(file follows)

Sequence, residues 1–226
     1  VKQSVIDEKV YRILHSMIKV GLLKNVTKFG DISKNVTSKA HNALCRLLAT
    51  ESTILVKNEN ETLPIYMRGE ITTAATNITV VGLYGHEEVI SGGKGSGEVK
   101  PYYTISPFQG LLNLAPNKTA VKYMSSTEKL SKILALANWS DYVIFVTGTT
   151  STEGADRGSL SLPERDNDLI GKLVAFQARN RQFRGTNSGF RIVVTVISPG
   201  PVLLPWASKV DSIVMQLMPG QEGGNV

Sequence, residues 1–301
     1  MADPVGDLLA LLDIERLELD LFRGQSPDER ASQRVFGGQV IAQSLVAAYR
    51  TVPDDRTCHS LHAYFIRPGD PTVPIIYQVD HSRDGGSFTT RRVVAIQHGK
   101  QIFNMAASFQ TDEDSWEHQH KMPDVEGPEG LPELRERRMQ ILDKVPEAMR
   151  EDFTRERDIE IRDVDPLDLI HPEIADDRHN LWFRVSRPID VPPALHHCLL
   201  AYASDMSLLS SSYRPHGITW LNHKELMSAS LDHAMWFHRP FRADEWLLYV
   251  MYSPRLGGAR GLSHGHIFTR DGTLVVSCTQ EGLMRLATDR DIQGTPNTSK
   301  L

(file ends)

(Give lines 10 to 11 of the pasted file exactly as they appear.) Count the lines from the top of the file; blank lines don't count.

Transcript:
   101  QIFNMAASFQ TDEDSWEHQH KMPDVEGPEG LPELRERRMQ ILDKVPEAMR
   151  EDFTRERDIE IRDVDPLDLI HPEIADDRHN LWFRVSRPID VPPALHHCLL